The town of Yarmouth has removed a 90-year-old cemetery plaque that referred to Native American people as “savage enemies.”
Yarmouth Town Manager Nat Tupper said he did not know the marker existed, but that once it was determined that the plaque was a historical marker and not a gravestone marker, it was “not a complex matter to simply unscrew it.”
“The historical marker was brought to my attention by members of the community who were preparing to make a presentation of ‘Dawnland’ at the local library, and thought it was inconsistent with the message and intentions of today and values of today, and asked if I would remove it because the town owns the cemetery,” Tupper said.
The plaque was removed from the cemetery Feb. 7.
“It’s my understanding that this plaque was brought to their attention because of the derogatory language toward indigenous people and probably overlooked for many decades,” said Cinnamon Catlin-Legutko, president and CEO of the Abbe Museum in Bar Harbor. “I was excited to see that when someone called attention to it, leadership in Yarmouth was willing to remove it.”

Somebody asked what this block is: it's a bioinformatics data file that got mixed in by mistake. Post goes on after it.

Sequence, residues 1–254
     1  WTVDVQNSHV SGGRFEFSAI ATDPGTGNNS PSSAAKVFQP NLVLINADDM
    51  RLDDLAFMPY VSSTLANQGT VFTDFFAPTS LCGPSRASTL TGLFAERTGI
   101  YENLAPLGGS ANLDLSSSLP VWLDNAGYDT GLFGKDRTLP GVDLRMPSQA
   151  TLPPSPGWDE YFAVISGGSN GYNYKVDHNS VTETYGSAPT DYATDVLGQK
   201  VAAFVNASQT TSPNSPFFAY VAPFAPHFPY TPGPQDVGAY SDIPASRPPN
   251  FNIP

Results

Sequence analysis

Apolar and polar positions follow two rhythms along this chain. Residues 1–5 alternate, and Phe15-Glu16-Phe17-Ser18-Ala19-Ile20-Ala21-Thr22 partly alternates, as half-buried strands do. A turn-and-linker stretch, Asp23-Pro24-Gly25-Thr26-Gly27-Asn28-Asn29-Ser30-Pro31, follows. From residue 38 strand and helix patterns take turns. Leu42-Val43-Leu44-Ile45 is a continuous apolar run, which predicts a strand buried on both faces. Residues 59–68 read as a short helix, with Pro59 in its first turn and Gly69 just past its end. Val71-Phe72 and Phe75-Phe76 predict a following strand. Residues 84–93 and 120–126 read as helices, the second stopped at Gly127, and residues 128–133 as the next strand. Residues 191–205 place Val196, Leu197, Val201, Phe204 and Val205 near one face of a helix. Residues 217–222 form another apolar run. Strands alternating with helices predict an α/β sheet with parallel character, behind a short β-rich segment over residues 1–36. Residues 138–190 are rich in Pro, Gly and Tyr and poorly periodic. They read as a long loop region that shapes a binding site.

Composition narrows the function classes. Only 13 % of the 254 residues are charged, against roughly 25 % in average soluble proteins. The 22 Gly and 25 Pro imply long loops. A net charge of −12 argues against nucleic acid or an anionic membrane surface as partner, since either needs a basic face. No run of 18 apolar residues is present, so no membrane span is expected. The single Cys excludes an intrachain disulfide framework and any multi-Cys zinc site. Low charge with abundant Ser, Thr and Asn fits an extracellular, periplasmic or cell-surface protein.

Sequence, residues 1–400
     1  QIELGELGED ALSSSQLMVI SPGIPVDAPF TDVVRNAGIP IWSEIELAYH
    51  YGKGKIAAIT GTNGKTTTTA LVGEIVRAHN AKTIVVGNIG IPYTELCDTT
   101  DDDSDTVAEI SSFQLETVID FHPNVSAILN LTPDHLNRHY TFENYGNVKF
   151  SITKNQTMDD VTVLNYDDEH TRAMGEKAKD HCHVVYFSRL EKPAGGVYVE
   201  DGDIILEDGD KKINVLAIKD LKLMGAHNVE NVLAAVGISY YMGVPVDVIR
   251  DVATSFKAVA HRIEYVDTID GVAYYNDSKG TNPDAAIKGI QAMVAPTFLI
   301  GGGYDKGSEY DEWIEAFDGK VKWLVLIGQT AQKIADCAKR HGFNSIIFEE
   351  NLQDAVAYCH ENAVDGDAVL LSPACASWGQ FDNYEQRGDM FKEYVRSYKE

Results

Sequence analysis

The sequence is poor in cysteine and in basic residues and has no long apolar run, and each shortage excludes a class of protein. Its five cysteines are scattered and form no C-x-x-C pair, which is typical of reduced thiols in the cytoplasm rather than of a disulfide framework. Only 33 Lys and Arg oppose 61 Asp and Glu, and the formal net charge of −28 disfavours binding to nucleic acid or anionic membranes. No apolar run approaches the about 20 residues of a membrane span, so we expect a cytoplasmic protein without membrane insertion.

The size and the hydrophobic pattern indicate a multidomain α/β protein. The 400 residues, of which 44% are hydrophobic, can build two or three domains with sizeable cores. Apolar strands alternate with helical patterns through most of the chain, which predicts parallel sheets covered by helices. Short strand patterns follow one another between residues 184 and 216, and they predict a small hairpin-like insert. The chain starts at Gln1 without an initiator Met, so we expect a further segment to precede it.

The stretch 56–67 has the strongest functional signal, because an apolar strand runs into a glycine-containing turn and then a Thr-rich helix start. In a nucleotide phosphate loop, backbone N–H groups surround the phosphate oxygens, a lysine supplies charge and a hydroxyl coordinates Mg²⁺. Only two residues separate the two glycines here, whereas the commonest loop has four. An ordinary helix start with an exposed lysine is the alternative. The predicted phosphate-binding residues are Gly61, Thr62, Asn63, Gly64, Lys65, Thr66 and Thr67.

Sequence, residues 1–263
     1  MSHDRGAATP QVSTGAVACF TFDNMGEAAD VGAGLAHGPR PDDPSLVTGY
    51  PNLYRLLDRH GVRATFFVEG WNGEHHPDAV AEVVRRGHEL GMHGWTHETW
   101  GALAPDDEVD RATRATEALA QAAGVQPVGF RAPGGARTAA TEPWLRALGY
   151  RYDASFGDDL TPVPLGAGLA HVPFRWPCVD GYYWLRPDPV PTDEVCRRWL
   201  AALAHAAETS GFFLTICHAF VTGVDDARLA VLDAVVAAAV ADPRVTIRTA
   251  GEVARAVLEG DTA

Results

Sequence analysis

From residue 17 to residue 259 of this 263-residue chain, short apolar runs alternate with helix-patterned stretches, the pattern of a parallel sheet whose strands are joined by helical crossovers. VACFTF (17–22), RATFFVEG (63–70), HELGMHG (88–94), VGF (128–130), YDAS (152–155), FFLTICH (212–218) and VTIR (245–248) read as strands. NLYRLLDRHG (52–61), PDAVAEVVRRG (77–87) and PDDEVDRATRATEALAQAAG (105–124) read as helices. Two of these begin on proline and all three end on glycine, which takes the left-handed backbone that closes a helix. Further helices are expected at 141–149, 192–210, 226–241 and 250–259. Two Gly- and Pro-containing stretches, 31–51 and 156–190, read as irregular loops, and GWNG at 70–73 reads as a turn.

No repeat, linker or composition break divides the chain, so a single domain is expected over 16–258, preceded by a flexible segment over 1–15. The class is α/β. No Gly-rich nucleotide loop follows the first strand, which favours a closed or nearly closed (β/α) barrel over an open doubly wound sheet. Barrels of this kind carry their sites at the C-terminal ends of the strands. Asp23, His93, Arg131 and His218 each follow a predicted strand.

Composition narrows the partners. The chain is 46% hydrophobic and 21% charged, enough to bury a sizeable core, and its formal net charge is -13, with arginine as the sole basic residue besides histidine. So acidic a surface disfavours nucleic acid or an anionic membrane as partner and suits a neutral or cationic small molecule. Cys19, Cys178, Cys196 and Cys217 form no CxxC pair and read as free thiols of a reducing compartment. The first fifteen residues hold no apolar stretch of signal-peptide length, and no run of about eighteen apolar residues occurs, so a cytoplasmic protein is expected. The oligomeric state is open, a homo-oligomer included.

Maria Girouard from Wabanaki Reconciliation-Engagement-Advocacy-Change-Healing said that the fact that the community removed the sign so quickly offers hope.
“I’m pleased to hear the signage was removed and that it was done so swiftly and without a whole lot of fanfare,” Girouard said. “To me that type of signage just perpetuates these stereotypes of violence.”
Girouard noted that there are still other signs with similar language around the state of Maine.
“These markers are throughout the whole state of Maine, and you can see them, like outside the Fort Andross building in Brunswick, down in Castine has some very offensive language as well,” Girouard said. “You know it’s nice that people are feeling motivated, maybe other places will catch on and we can kind of see this wave of change happening.”
Katie Worthing of the Yarmouth Historical Society said that the sign will be archived for educational purposes.
“It’s now in our collection here, and we’ll be preserving it as a piece of local history and putting it on display as an effort to re-contextualize it and use it as an opportunity to discuss this uncomfortable history, acknowledge it, and hopefully start conversations about how to move forward in a more positive way,” Worthing said.
Regarding the decision to keep the plaque, Catlin-Legutko of the Abbe Museum said, “I always encourage my colleagues to enter those conversations readily and willingly. It will be really important for everyone involved to really do their research and understand why this language is problematic because a lot of audiences are catching up to this conversation because they haven’t been educated around Native history in a way that’s full and complete with the truth.”
This article appears through a media partnership with Maine Public.